(A) No, not at all. The only way you could get sick from consuming lectins, even those found in red kidney beans, is if you ate the bean raw, which seems mechanically impossible. You’d chip a tooth before you’d be rushed to the emergency room for lectin poisoning.
One reason you may want to soak beans and grains before cooking them, however, is to increase the bioavailability of certain minerals like iron and zinc, which can be bound to other compounds called phytates. However, this isn’t absolutely necessary, and cooked canned beans have already been through processing that reduces this content. Just grab a can that says “BPA-free” to avoid exposure to this endocrine-disrupting chemical. (If you have IBS or digestive issues, it may be helpful to rinse your beans though.)
(Q) NIGHTSHADES: We know that Tom and Giselle don’t eat nightshades. Why? Is this something the average person needs to avoid?
(A) The argument against nightshades is the same as that for beans — it’s because they contain lectins. Instead of avoiding foods like tomatoes and bell peppers, which have solid evidence of a nutritional benefit, the average person should avoid taking advice from celebrities and celebrity “nutritionists.”
(Q) GLUTEN, DAIRY AND SOY: What’s your stance on cutting out these groups out? Do we need to avoid these things? Why or why not?
(A) Unless you have Celiac disease, I do not recommend cutting out gluten. There is no definitive research that a gluten-free diet is beneficial for any other condition and certainly not for the general public. The reason some people without Celiac disease feel better on a gluten-free diet may instead be due to a decrease in foods containing FODMAPs, which are carbohydrates that are often found in gluten-containing foods.
The majority of the human population is lactose intolerant, so for many people, cutting out dairy can be beneficial. Evidence also shows that vegans (who don’t eat dairy) have a lower risk of some diseases compared to vegetarians, suggesting that animal products like dairy may contribute to this association. Personally, I eat dairy on occasion, and I think people should decide on an individual basis whether or not it fits in their diet.
Soy is not only not harmful, research shows it may help prevent and fight chronic diseases like breast and prostate cancer, cardiovascular disease, diabetes and infertility. (Check out Whitney’s three-part series on YouTube to learn more.)
(Q) PLANT-BASED EATING: If someone wanted to start eating more plants, (following your predominately plant-based philosophy), how should they get started, what exactly does this mean and what are the benefits?
(A) The benefit of all forms of plant-based diets (vegan, vegetarian, pescatarian and flexitarian) is a reduced risk of chronic disease, better weight management and potentially a longer life.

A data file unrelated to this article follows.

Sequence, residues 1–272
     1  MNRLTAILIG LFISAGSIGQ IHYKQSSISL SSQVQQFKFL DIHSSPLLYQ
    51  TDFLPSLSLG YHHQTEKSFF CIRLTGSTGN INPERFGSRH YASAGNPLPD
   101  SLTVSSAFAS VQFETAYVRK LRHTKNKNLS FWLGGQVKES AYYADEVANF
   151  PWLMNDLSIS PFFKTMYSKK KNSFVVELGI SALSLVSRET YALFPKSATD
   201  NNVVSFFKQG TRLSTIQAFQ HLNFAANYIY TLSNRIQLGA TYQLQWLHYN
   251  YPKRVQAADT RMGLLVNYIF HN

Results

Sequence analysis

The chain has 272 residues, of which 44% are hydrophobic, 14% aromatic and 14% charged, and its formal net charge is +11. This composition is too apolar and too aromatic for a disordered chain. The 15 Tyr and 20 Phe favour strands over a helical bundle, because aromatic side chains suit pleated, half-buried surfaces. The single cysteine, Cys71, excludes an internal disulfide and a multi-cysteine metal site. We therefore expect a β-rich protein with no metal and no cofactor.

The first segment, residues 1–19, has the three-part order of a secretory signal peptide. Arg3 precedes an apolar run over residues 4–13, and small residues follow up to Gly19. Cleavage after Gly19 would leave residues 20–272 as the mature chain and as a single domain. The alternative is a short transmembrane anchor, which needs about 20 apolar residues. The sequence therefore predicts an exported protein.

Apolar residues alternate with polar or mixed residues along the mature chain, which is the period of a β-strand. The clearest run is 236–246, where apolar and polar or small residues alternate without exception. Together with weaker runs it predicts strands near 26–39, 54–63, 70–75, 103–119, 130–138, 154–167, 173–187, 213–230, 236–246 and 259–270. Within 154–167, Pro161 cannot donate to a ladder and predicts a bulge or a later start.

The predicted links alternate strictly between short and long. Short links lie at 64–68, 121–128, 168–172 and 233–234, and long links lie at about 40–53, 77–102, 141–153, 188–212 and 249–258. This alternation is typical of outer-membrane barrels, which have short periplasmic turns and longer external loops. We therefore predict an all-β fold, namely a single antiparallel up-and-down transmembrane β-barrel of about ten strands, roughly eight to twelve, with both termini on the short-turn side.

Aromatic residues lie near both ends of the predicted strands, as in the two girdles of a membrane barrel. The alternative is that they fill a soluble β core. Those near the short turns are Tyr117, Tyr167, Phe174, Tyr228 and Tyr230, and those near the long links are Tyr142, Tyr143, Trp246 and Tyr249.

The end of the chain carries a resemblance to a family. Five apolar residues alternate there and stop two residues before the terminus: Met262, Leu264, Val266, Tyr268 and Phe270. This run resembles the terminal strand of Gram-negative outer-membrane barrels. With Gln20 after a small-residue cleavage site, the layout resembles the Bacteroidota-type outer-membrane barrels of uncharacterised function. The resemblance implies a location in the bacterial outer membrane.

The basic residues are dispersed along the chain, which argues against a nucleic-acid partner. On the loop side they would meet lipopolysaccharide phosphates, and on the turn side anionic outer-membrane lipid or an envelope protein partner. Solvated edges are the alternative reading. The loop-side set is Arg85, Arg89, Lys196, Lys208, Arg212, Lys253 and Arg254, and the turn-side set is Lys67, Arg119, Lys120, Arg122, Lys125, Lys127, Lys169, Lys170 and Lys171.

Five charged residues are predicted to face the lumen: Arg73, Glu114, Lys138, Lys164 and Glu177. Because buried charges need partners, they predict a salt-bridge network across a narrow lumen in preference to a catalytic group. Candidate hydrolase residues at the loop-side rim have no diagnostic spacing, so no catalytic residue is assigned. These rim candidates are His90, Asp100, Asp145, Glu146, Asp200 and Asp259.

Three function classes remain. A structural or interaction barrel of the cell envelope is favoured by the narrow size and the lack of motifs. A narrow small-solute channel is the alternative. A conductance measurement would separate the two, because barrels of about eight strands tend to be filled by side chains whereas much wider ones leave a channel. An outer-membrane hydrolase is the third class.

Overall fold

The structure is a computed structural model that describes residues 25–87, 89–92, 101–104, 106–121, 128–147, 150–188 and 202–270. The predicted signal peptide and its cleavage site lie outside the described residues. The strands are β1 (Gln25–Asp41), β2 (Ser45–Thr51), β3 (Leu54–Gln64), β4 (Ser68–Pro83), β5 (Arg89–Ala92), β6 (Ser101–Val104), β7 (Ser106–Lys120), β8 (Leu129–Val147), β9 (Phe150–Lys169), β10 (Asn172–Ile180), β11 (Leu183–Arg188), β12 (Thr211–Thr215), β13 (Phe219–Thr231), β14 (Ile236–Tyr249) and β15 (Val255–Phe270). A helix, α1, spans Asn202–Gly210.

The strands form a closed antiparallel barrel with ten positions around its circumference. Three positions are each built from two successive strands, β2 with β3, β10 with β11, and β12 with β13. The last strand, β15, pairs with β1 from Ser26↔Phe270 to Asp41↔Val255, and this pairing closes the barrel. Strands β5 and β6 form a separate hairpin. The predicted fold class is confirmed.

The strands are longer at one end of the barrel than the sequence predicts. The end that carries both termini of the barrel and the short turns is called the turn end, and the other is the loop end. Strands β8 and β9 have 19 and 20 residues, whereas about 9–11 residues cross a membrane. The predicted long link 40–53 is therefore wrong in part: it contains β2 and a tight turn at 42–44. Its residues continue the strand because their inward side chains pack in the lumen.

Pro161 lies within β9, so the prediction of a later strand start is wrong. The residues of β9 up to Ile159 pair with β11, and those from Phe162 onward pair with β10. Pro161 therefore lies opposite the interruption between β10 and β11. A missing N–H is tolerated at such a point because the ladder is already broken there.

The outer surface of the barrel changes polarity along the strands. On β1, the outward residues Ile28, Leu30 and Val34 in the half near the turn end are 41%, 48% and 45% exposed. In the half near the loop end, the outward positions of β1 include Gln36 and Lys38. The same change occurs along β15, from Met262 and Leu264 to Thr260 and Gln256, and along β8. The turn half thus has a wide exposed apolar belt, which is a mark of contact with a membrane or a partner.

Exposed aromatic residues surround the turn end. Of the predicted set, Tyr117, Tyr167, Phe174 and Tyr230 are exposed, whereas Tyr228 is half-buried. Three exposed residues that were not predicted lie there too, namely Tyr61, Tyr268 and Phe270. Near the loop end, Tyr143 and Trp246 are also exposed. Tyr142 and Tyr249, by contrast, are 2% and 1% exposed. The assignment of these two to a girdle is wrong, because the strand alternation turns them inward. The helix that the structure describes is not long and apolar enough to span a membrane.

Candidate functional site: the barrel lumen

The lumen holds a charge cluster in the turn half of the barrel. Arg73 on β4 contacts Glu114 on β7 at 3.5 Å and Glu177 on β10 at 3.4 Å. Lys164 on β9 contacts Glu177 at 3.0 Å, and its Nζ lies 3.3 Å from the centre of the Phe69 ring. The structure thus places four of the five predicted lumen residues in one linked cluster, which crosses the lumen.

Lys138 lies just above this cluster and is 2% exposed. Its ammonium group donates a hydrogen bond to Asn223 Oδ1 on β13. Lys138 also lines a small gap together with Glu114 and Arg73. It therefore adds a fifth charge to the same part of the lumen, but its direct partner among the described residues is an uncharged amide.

You can get started by simply incorporating more meatless meals into your diet. Try a “Meatless Monday” or a full day of plant-based eating. Try swapping plant-based protein options in some of your favorite recipes, you’d be amazed at how well tofu, tempeh, beans and mushrooms sub for meat. Overall, just remember that it isn’t all or nothing.
(You can also check out Whitney’s free 7-Day PPB Meal Plan to get started.)
(Q) SNACKS: What is your favorite pre-workout snack and post-workout snack?
(A) Pre-workout: A banana and peanut butter (She’s speaking my language here!)
Post-workout: Super seed Oatmeal (A recipe she created featuring oats, flax seeds, chia seeds, non-dairy milk, cinnamon, vanilla extract, sea salt and a banana.)
(Q) MORNING BEVERAGES: Bulletproof coffee? Hot lemon water? Apple Cider Vinegar? What do you recommend in the morning to prepare the system and start the day?
(A) Fresh air and sunlight! Sunlight tells your body to stop producing melatonin (the sleepy hormone) and start producing cortisol to get your energy levels up. (Ohhhh how I agree with this!)
(Q) NEEDS: What’s a food that you think people, particularly women, don’t eat enough of and really should?
(A) Cruciferous veggies like broccoli, kale, cauliflower and collard greens. They contain a phytochemical known as sulforaphane, which possesses potent antioxidant and anti-tumor properties. These veggies are also a great source of plant-based calcium, important for women as we are more susceptible to bone density loss as we age. (My preference is roasting these beneficial veggies coated in coconut oil and sea salt, but try to find a way that you enjoy cooking and eating them.)
(Q) MORE HELP: When would someone know if they need to seek the help of an RD?
(A) Anyone who wants to optimize their diet and is unsure where to start should seek the help of an RD — especially anyone with risk factors for chronic disease.
(Q) DINNER: What’s your go-to healthy and simple weeknight dinner?
(A) Vegan tostadas. I always have a can of beans, a can of diced tomatoes and a jar of walnuts in my pantry, so I can easily whip up this meal at the last minute. You can also toss this “meat” on a salad or in a tortilla if you prefer. (Yum!)
Takeaways from the interview with Whitney
Wow! I have to thank Whitney for providing such awesome information for us. As you can see, she’s NOT telling us to avoid everything under the sun, nor cut out food groups either. In fact, she’s telling us to eat more plants, never skip a meal and find out what works best for our bodies. She’s also telling us that research backs up her claims, and it’s not just what’s popular or being done by the celebs.
I’m glad to hear that she doesn’t think the average person needs a probiotic, as I tend to prefer to take as little supplements as possible and get most of my nutrition from food (although I’ll never stop my daily collagen). I’m also glad to hear that she doesn’t think gluten is the total enemy either, because we all know that I’m a bit a gluten monster.
Now before we go, I just want to make it clear that there is SO much noise out there in the wellness world, and it can be so hard to know if you’re doing the right thing. I wanted to share Whitney’s philosophy with you (as I’m not a credentialed expert in nutrition like she is), because I think she has a great approach to eating. You can choose to follow parts of it and make it work for you, always remembering that it’s your health and wellness journey and your life.
What’s most important is to try to eat mostly healthy foods that make you feel good, don’t be too restrictive or unnecessarily obsessive with you “can’t eat,” and of course, drink lots of water, move your body … and … wait for it … never skip a rest day! 🙂
Thanks for reading, my friends!
P.S. Just a couple of days left in our hydration challenge. Hope you’re sticking to it! I sure am!Check out this great diet and nutrition FAQ from @WhitneyERD on A Lady Goes West today ... Click To Tweet
Questions of the day
What’s your favorite weeknight easy meal?
What’s your favorite plant to eat?
Do you have any follow-up questions for Whitney?